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GLENDALE, Ariz. — The New York Giants appear to be sticking with quarterback Eli Manning even in the final week of the season against the Washington Redskins.

“Eli will start, and then we’ll probably take it bit by bit,” interim coach Steve Spagnuolo said after Sunday’s 23-0 loss to the Arizona Cardinals. “We just take it and see how it goes. Eli is the starter.”

Manning started Sunday, and the Giants lost tight end Evan Engram (rib) and wide receiver Sterling Shepard (neck) by the end of the game. He threw a pair of interceptions and lost a fumble that was returned for a score. He also played from start to finish despite the lopsided result.

Rookie Davis Webb wasn’t even an option. He was inactive for the contest, the 15th time in as many games the third-round pick failed to dress. There’s a chance Webb will be active next Sunday after he took some first-team snaps at practice last week.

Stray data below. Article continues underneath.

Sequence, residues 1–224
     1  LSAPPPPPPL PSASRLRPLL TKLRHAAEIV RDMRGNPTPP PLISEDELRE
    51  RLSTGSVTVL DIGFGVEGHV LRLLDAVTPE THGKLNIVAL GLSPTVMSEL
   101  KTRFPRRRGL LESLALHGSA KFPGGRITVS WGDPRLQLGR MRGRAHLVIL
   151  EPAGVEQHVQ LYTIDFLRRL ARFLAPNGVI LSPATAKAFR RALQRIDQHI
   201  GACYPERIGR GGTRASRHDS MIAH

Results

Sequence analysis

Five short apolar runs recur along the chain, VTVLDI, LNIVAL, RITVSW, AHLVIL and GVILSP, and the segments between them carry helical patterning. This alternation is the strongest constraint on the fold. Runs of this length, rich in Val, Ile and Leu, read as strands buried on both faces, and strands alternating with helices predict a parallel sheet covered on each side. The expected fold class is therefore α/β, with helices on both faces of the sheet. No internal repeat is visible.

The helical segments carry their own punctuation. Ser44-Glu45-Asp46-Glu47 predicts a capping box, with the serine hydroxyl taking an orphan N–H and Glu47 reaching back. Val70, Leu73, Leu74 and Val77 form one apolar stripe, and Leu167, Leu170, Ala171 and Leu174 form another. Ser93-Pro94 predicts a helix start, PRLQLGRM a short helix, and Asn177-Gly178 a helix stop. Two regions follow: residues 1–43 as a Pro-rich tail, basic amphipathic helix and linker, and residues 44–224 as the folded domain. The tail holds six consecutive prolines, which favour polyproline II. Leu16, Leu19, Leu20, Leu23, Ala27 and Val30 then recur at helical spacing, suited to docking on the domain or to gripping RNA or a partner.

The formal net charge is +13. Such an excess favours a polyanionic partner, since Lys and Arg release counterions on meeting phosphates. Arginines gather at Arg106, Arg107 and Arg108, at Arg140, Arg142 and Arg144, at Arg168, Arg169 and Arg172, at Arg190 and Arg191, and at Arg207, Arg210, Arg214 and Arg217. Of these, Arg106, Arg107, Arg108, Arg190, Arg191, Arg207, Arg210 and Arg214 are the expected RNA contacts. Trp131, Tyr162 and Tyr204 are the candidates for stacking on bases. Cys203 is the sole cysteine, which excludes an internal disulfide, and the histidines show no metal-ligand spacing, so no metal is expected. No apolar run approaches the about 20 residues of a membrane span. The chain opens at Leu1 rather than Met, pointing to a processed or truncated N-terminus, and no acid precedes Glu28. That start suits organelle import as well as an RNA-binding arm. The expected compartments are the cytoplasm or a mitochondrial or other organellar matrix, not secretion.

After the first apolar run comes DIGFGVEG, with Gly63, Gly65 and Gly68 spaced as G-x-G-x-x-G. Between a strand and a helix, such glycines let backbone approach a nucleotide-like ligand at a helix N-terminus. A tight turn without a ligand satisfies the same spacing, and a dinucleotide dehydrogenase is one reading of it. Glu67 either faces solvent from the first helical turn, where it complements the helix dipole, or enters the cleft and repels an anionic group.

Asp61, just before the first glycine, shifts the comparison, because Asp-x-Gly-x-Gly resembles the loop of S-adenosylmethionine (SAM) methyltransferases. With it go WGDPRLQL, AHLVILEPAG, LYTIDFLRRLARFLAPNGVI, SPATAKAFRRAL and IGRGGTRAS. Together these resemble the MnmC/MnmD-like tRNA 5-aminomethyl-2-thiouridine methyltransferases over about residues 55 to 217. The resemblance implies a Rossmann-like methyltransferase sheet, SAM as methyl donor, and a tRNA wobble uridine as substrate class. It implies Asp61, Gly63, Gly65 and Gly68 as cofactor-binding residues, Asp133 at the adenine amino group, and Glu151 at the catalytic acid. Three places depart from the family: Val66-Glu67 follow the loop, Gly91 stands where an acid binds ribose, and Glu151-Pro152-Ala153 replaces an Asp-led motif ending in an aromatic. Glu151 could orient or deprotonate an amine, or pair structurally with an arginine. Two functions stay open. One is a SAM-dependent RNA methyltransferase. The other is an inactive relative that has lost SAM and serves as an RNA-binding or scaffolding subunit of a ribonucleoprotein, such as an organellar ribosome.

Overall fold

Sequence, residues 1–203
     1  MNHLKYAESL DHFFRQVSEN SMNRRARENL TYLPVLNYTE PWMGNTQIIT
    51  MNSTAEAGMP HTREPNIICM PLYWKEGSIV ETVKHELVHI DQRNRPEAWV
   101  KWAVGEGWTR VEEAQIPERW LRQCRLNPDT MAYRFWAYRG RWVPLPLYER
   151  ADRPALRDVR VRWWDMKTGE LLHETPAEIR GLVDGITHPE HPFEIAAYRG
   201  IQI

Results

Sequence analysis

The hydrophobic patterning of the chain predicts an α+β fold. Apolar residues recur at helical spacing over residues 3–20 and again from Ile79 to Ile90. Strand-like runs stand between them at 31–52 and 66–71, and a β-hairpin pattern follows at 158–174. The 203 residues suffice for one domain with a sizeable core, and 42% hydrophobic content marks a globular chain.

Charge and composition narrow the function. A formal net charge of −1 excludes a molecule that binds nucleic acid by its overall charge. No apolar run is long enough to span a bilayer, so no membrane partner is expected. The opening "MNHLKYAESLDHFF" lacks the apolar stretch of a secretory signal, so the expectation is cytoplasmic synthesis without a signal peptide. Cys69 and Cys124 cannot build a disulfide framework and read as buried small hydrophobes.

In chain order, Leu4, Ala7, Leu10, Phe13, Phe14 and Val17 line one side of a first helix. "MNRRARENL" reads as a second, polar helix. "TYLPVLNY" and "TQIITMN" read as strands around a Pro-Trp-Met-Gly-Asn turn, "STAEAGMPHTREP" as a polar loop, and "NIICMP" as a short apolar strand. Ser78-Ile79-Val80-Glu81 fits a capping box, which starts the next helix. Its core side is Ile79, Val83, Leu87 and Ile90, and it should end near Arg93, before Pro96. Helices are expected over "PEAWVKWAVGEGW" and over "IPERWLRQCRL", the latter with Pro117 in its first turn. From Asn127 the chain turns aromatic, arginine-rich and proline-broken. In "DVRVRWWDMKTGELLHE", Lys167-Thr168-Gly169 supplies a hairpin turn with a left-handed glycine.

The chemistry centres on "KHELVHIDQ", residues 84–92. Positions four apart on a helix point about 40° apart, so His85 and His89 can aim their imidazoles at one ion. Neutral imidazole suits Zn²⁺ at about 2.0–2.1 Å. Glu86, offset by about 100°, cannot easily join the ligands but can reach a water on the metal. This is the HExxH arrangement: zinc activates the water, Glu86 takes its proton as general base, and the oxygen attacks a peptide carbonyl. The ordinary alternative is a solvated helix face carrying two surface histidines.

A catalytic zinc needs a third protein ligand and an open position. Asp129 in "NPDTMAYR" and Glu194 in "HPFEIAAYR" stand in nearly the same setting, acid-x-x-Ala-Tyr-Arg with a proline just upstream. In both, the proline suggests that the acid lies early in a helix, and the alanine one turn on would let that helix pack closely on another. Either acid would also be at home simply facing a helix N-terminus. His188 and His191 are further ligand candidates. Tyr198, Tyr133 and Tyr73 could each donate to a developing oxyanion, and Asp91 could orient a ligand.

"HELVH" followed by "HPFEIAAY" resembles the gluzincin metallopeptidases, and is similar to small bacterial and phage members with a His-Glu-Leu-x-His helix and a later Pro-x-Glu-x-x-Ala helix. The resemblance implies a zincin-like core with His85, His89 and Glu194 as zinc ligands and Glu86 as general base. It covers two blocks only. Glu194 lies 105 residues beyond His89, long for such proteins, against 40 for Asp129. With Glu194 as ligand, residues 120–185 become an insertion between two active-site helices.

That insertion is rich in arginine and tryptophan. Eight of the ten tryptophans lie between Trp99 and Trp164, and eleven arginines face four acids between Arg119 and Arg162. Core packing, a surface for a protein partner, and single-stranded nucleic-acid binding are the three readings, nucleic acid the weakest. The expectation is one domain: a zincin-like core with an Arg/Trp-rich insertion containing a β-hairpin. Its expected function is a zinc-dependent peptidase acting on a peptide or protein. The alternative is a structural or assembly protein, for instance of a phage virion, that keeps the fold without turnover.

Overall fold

But since Spagnuolo was named interim coach in place of the fired Ben McAdoo earlier this month, he has insisted that the Giants are prioritizing winning and that Manning gives them the best chance to win.

The Giants still scored 10 points or fewer for the sixth time this season Sunday and lost their fourth straight game.

Spagnuolo didn’t contemplate taking Manning out for backup Geno Smith at any point.

“No. I really didn’t,” Spagnuolo said.

Smith started a game earlier this month in Oakland to end Manning’s streak of 210 consecutive starts. McAdoo was fired less than 24 hours after the game, and the Giants reversed course with their plan, which was to eventually get to Webb.

Co-owner John Mara said he wanted to see the young quarterback play, and by play he didn’t mean come in late to close out a game.
Manning went 27-of-45 passing for 263 yards against the Cardinals.

“Hey, we didn’t score any points, so I didn’t play well enough,” he said.

Neither did his supporting cast. The Giants fell to 2-13 this season and are in position to potentially land the No. 2 overall pick in next year’s draft.